Methods Depreciation is the accounting process of allocating the cost of tangible assets to expense in a systematic and rational manner to those periods expected to benefit from the use of the asset. Factors Involved in the Depreciation Process 1. What depreciable base is to be used for the asset? 2. What is the asset’s useful life? 3. What method of cost apportionment is best for the asset? Depreciable Base for the Asset The base established for depreciation is a function of two factors: the original cost, and the salvage or disposal value. Salvage value is the estimated amount that the company will receive when it sell the asset or removes it from service. It is the amount to which the company writes down or depreciates the asset during its useful life. Example: An asset is purchased for $10,000. The company believes that it has a salvage value of $1,000. Original cost $10,000 Less: Salvage value 1,000 Depreciation base$ 9,000 Methods of Depreciation The accounting profession requires that the depreciation method employed be â€Å"systematic and rational. We will write a custom essay sample on Depreciation Methods or any similar topic specifically for you Do Not WasteYour Time HIRE WRITER Only 13.90 / page † The following are examples of depreciation methods: 1. Activity method (units of use or production) . Straight-line method 3. Decreasing charge methods (accelerated): a. Sum-of-the-years’ digits b. Declining-balance method The following information will be used to illustrate each of the above methods: Stanley Coal Mines recently purchased an additional crane for digging purposes. Cost of crane$500,000 Estimated useful life5 years Estimated salvage value$50,000 Productive life in hours30,000 hours Activity Method The activity method (also called the variable-charge or units-of-production approach) assumes that depreciation is a function of use or productivity, instead of the passage of time. A company considers the life of the asset in terms of either the output if provides (units it produces), or an input measure such as number of hours it works. The crane Stanley purchased poses no particular depreciation problem. Stanley can measure the usage (hours) relatively easily. If Stanley uses the crane for 4,000 hours the first year, the depreciation charge is: (Cost less salvage value) X hours this year Total estimated hours ($500,000 $50,000) X 4,000 30,000 = $60,000 Straight-Line Method The straight-line method considers depreciation a function of time rather than a function of usage. Companies widely use this method because of its simplicity. The straight-line procedure is often the most conceptually appropriate, too. Stanley computes the depreciation charge for the crane as follows: Cost less salvage Estimated service life $500,000-$50,000 5 =$90,000 Sum-of-the-Years’-Digits The sum-of-the-years’-digits method results in a decreasing depreciation charge based on a decreasing fraction of depreciable cost (original cost less salvage value). Each fraction uses the sum of the years as a denominator (5+4+3+2+1=15). The numerator is the number of years of estimated life remaining as of the beginning of the year. In this method, the numerator decreases year by year, and the denominator remains constant. At the end of the useful life, the balance remaining should equal the salvage value. YearDepreciation BaseRemaining life in yearsDepreciation FractionDepreciation ExpenseBook Value, End of Year 1$450,00055/15$150,000$350,000 2$450,00044/15$120,000$230,000 3$450,00033/15$90,000$140,000 4$450,00022/15$60,000$80,000 $450,00011/15$30,000$50,000 Totals:1515/15$450,000 For assets that have a long life span, the following formula can be used to determine the denominator: n(n+1) 2 For example, if an asset has a useful life of 51 years, you would calculate the denominator: 51(51+1) 2 =1,326 YearDepreciation BaseRemaining life in yearsDepreciation FractionDepreciation ExpenseBook Value, End of Year 1$450,0005151/1,326$17,308$482,692 2$ 450,0005050/1,326$16,968$465,724 3$450,0004949/1,326$16,629$449,095 4$450,0004848/1,326$16,290$432,805 5$450,0004747/1,326$15,950$416,855 Etc†¦ Declining-Balance Method The declining-balance method utilizes a depreciation rate (expressed as a percentage) that is some multiple of the straight-line method. For example, the double-declining rate for a 10-year asset is 20 percent (double the straight-line rate, which is 1/10 or 10 percent). Unlike other methods, the declining-balance method does not deduct the salvage value in computing the depreciation base. For example, if Stanley chose to use the double-declining-balance method, the crane would depreciate at twice the rate of the straight-line rate. See below: YearBook Value of Asset First YearRate on Declining Balance (a)Depreciation ExpenseBalance Accumulated DepreciationBook Value, End of Year 1$500,00040%$200,000$200,000$300,000 2$300,00040%$120,000$320,000$180,000 3$180,00040%$72,000$392,000$108,000 4$108,00040%$43,200$435,000$64,800 5$64,80040%$14,800 (b)$450,000$50,000 (a)Based on twice the straight-line rate of 20% ($90,000/$450,000 = 20%; 20% X 2 = 40%) (b)Limited to $14,800 because the book value should not be less than the salvage value.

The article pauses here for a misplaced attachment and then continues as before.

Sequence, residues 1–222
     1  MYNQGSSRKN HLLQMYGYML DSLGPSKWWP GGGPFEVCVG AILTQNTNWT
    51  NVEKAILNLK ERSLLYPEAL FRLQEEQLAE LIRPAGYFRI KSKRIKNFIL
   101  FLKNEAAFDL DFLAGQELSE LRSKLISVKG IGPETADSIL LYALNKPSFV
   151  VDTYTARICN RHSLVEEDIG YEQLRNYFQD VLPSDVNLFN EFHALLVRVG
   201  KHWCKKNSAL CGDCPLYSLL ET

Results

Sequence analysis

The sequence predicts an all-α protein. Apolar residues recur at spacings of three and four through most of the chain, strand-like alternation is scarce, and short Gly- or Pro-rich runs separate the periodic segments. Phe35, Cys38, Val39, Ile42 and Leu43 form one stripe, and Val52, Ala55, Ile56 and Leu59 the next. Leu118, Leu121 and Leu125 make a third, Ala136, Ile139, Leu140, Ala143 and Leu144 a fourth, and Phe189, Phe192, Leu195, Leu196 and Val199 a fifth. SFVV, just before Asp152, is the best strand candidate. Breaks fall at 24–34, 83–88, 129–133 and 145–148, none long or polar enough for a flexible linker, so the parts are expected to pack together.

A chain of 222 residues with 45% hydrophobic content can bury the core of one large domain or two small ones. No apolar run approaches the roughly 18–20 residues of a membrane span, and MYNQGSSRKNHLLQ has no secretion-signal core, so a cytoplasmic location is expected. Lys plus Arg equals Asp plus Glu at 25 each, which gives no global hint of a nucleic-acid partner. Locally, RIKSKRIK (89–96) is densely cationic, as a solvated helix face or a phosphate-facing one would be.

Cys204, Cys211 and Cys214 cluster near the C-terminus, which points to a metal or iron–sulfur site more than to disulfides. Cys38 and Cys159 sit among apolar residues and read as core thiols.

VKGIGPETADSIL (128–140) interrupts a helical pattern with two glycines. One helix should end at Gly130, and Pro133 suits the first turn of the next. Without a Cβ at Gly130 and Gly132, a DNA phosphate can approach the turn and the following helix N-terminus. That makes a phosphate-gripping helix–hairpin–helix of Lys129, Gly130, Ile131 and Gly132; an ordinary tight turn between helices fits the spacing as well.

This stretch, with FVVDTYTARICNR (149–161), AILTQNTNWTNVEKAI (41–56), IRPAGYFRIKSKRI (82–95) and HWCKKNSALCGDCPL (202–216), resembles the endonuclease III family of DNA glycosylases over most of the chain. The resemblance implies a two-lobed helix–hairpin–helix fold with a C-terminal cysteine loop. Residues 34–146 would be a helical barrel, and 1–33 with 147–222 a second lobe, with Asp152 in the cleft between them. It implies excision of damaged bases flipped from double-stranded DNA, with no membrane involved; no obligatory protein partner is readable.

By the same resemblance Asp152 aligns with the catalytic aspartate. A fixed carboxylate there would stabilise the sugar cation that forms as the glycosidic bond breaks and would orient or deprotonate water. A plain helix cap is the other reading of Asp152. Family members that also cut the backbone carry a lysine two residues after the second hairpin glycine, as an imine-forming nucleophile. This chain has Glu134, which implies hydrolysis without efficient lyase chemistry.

Sunday, December 1, 2019